What is it about the shows that is stressing you? Is it the noise factor? Dark? Crowds? If we knew what it was that was worrying you, maybe we could direct you to a show which would be best at accommodating you. But there's so many things to do at WDW that you won't totally be missing out if you skip the shows.

ETA: Make sure you sit down with your friend before the trip and talk to her about how your trip might be affected. If there are things she might be able to do to help you (like cue you in if you are starting to get a little manic), then talk to her about that. It's a different situation being a parent to a bipolar child because I am so keenly aware of her triggers and her nonverbal cues that she's having trouble. But I can direct my DD to put on her earmuffs if I notice sounds are getting to her. I can direct her to start doing some of her breathing techniques if she's showing anxieties. I can remove her from a situation if it seems she's getting worked up and won't be able to handle it. Your friend might not know your cues and triggers well enough to help you with these things, but make sure she's aware of what things might bother you and how you might react.

ETA again: Water helps soothe my DD. It can be a shower, bath, or going swimming. When we went last time, we took a mid-day break to swim almost every day and it really helped her.

disneyfordreamers
05-20-2012, 06:27 PM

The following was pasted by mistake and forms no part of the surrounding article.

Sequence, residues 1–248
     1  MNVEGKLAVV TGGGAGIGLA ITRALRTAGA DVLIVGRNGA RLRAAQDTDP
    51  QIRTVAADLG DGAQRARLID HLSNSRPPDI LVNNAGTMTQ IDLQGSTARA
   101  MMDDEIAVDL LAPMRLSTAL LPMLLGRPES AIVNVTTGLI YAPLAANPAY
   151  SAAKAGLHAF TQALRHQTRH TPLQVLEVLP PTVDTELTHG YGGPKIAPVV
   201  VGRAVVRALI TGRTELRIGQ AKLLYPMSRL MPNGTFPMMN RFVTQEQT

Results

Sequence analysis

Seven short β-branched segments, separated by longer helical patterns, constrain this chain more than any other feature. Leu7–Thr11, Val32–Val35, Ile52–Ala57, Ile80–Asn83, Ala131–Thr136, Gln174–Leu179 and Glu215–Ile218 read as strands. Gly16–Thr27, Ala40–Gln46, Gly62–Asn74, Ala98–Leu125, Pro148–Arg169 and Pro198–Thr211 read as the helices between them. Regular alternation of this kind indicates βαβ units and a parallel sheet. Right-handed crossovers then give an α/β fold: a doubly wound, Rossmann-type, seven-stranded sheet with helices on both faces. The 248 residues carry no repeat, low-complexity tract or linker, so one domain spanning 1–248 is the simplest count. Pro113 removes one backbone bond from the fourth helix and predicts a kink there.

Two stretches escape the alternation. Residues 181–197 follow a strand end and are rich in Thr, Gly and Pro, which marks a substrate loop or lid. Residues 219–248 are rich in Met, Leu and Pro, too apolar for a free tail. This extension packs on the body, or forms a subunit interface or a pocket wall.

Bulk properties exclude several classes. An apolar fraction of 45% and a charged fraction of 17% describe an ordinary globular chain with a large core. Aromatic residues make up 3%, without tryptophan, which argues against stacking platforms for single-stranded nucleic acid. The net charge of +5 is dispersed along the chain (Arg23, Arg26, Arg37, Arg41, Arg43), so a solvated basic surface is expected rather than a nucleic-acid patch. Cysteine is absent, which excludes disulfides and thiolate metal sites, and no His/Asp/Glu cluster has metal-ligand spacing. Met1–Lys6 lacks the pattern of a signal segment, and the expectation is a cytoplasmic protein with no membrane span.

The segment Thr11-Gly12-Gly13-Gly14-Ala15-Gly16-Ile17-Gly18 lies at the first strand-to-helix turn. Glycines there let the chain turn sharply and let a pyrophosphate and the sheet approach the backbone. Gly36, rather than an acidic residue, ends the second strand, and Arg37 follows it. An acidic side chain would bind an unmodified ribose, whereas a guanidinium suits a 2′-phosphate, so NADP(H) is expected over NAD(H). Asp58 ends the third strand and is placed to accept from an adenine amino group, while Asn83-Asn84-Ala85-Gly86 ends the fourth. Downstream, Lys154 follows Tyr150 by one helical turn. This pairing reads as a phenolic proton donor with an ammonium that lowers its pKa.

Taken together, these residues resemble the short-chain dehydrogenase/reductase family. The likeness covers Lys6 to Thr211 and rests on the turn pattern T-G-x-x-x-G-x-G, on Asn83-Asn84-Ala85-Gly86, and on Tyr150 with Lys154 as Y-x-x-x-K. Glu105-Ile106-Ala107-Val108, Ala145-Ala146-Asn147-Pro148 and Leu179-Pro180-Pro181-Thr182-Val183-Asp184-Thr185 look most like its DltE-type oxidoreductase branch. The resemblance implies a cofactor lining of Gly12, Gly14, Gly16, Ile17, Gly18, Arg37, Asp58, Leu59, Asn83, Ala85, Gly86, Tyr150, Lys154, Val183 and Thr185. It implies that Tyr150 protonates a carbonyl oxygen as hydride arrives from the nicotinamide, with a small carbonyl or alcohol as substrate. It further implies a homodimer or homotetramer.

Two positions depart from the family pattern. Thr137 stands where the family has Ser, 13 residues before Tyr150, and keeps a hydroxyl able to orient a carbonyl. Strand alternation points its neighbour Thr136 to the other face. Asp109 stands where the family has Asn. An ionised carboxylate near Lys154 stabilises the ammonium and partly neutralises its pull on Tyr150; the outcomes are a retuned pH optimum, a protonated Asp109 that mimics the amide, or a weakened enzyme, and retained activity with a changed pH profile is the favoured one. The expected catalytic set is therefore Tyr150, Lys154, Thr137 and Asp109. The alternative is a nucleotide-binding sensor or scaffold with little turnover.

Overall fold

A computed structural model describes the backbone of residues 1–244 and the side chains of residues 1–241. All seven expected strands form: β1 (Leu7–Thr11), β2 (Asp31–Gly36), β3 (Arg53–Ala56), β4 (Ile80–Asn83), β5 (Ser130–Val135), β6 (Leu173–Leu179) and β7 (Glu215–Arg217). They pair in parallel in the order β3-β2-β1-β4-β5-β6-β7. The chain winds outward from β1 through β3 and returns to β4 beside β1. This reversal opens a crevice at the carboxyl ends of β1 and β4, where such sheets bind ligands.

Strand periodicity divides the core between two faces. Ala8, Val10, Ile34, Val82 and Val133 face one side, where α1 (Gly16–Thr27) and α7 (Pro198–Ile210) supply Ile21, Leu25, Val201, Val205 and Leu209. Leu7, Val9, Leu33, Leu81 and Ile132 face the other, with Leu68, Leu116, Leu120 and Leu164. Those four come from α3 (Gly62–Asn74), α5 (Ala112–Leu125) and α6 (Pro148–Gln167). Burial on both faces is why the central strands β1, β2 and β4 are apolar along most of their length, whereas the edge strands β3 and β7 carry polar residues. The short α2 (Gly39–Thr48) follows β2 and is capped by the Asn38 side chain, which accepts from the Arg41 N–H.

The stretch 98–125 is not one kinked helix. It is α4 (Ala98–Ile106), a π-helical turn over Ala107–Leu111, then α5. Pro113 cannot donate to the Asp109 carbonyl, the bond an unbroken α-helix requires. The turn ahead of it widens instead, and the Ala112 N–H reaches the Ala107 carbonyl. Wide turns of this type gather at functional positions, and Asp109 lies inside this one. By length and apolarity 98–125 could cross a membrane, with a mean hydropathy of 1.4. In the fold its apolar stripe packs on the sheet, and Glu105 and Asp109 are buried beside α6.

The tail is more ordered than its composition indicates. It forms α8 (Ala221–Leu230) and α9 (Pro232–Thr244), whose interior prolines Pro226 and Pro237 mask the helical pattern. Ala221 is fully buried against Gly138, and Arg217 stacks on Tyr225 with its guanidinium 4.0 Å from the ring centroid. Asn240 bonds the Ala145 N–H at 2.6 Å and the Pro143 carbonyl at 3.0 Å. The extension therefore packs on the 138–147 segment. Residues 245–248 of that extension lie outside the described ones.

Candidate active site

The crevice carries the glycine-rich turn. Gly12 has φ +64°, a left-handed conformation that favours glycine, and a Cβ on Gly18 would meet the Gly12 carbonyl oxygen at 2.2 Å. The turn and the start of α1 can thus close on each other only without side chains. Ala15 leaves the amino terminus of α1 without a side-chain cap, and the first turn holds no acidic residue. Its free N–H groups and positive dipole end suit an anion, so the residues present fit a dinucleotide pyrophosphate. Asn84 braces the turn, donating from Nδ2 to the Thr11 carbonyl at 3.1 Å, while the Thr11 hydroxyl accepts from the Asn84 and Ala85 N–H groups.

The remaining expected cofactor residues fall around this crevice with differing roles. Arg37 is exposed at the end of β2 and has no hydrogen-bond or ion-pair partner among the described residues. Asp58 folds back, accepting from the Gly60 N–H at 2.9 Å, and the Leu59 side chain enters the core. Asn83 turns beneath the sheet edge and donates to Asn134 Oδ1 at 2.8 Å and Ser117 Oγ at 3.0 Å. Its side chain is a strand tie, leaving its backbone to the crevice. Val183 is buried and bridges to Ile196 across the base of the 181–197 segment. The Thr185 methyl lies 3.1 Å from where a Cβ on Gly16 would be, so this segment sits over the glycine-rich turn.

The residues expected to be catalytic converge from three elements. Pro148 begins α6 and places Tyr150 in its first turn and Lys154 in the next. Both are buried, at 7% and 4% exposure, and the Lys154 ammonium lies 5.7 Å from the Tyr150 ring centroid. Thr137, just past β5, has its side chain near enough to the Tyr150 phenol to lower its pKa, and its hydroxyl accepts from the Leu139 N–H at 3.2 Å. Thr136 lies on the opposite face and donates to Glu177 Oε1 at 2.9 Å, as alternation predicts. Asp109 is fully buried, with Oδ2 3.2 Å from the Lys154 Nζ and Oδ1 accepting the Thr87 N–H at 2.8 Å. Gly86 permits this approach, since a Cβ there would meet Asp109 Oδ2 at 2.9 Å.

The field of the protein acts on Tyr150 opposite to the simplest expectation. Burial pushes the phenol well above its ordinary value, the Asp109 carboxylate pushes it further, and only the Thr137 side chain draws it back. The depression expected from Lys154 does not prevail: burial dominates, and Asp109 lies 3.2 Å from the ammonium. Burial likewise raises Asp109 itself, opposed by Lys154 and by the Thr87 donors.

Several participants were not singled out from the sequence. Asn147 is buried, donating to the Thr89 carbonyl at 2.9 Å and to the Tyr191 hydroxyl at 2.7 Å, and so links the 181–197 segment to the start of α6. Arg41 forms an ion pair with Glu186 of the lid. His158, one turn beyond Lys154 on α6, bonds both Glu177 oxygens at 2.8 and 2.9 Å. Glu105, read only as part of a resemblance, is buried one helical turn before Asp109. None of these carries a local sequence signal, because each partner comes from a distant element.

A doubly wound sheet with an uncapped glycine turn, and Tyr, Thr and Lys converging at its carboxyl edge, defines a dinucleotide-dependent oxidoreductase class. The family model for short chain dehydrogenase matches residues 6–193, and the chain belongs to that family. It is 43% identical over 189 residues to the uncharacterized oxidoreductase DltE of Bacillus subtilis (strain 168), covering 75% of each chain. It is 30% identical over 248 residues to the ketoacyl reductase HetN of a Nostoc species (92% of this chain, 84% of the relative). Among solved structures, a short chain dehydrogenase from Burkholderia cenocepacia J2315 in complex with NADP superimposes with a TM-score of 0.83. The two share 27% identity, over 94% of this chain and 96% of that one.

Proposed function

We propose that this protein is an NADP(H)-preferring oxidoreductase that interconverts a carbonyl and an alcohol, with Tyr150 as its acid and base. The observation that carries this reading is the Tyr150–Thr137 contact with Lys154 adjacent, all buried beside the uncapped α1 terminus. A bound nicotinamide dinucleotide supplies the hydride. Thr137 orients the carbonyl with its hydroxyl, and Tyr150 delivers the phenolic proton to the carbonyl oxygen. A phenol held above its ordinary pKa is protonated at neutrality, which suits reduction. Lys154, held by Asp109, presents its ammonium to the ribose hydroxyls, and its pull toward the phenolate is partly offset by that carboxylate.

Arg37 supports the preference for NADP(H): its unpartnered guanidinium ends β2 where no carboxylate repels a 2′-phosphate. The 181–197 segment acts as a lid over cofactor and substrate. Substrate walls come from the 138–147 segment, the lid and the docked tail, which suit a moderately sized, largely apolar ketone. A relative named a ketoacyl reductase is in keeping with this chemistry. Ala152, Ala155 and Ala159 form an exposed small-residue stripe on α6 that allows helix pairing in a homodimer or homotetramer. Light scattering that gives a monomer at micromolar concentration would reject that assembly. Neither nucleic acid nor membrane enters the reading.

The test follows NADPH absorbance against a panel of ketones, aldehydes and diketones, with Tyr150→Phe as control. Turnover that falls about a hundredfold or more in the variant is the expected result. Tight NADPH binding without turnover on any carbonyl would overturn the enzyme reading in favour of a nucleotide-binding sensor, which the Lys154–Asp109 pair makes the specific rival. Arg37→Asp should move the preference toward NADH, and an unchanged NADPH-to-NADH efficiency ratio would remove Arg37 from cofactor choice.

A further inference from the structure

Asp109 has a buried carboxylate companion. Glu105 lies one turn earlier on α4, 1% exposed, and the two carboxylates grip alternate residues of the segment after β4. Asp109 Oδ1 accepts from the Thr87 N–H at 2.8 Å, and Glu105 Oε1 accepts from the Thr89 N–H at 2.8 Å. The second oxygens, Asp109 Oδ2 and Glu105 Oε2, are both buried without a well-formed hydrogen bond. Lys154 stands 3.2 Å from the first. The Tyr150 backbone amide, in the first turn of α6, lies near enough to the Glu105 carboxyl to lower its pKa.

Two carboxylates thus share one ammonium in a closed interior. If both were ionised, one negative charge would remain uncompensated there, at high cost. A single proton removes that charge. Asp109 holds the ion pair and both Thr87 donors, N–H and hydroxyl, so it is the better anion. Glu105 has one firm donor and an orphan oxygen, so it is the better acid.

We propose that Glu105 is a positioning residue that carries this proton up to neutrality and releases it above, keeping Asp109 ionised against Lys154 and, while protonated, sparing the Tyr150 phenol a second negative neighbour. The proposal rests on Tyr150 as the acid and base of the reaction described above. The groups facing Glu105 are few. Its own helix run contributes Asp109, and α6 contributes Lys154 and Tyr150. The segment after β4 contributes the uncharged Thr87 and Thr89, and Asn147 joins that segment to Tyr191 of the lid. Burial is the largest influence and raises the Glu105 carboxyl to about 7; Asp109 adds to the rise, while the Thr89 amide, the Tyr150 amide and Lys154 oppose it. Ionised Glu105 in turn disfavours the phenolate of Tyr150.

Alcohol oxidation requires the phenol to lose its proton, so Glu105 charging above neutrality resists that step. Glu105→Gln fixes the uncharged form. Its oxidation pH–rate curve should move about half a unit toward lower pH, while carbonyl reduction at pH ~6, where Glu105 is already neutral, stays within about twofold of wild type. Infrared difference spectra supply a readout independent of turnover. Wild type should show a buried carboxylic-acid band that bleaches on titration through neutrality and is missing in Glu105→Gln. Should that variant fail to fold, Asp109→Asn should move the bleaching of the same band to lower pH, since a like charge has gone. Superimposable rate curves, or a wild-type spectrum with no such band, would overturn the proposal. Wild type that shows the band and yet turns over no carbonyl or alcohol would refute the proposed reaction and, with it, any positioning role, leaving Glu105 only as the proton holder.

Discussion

Maggiesmom, thank you SO much for giving me such helpful, detailed and encouraging answers!! :goodvibes I really appreciate it!!

My friend I'm going with knows I'm bipolar and because we have been friends for a long time, she knows my triggers and how I get BUT since we have never traveled together I'm afraid things will be different when she's around me 24 hours a day 7 days a week for like a week and a half. I don't want anything to be difficult between us. She's not my best friend but she's one of my really close friends so I don't want her to be unhappy or think "what did I get myself in to?" :scared:

disneyfordreamers
05-20-2012, 06:38 PM
Good idea Maggiesmom, I really do feel better after taking a shower because of being alone in there and hearing the noise of the water and feeling warm and clean and relaxing.

You have such good ideas :goodvibes

I didn't really get how fast passes worked.......that is so nice that you have a whole hour window of time to take your turn!
Because for example if it said 7:30, I wouldn't be able to relax the whole day because I'd have to keep checking the time and looking at my fastpass time again.
If you have an hour window to use it, I don't have to freak out so much about the time.

disneyfordreamers
05-20-2012, 06:50 PM
Shows? I think it's the possibility of the disorganization of it, the chaos.